joining PCR fragments into a single product
sergioal at bbm1.ucm.es
Tue Oct 2 05:49:33 EST 2001
I've joined some PCR products which share a 20bp overlaping ends, just mixing them after
purification and performing 2-3 cycles of PCR without primers. Then reamplifying the whole product
using end-annealing primers:
3'_A--------B_5' product 1
5'_b--------c_3' product 2
After 2-3 cycles of PCR there will be some products like:
Use primers of 'a' and 'C' to amplify the resultant product. Just add the primers at usual
concentration and perform 20-25 more cycles.
Hope this helps..
Alex ha escrito:
> Chris Boyd <cboyd at holyrood.ed.ac.uk> wrote in message news:<9p1lv0$98u$1 at scotsman.ed.ac.uk>...
> > Alex <ayboro at my-deja.com> wrote:
> > : Hi all,
> > : I'm wondering if anybody can help me with a reference. I remember an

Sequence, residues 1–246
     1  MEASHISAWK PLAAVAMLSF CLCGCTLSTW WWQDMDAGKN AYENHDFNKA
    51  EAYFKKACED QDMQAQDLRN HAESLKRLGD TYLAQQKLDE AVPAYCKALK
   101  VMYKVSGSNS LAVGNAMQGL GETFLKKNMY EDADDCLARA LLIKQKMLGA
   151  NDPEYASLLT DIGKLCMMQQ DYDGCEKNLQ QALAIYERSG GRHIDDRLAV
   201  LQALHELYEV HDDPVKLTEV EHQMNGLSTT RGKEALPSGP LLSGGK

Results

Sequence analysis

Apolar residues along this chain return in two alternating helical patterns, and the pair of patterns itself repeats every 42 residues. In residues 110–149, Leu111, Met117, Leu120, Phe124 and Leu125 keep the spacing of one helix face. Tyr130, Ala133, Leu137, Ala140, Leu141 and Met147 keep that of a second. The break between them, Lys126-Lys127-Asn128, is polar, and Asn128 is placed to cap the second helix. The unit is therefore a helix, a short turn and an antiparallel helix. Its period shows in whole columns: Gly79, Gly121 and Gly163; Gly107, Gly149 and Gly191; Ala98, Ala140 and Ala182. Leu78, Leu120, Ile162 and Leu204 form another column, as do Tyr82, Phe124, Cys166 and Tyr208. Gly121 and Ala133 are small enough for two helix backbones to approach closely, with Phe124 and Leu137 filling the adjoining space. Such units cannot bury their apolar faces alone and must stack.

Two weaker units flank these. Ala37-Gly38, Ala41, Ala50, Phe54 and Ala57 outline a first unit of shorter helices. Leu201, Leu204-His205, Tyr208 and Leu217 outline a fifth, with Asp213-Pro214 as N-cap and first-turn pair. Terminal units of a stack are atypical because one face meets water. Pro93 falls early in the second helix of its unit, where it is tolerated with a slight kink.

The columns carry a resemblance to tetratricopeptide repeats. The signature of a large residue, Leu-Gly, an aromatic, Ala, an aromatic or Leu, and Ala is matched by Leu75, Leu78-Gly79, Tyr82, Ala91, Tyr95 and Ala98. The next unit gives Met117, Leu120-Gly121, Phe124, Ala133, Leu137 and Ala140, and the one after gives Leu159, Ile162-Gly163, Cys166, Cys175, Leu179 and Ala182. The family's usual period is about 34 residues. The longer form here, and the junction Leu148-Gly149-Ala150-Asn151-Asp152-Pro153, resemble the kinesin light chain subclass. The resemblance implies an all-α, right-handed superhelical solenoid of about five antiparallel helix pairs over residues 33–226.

> > : article (I think at was in Biotechniques) on a simple polymerase based
> > : method that allows to generate a single fragment from two PCR
> > : generated overlapping halfs. Combining products of 5' and 5' RACE into
> > : one contiguous DNA fragment without restriction/ligation has been used
> > : as an example.
> > : Do anybody remember the article and can provide me with the reference.
> > It's also worth looking at
> > 1. Wallace, A. J., Wu, C. L. and Elles, R. G. (1999) `Meta-PCR: a
> > novel method for creating chimeric DNA molecules and increasing the
> > productivity of mutation scanning techniques.' Genet. Test., 3,
> > 173-183.
> > where an improved megaprimer method is described that allows catenation
> > of 2 or more PCR products.
> > Best wishes,
> Thanks to all of you, but the method that I'm looking for is little
> different. In my case the PCR generated halves have artificial ends,
> different from the gene sequence. So the overlapping region looks like
> Therefore direct megaprimer approach is not applicable. I'm thinking
> to chew back the mismatching region of the primers, but hope to avoid
More information about the Methods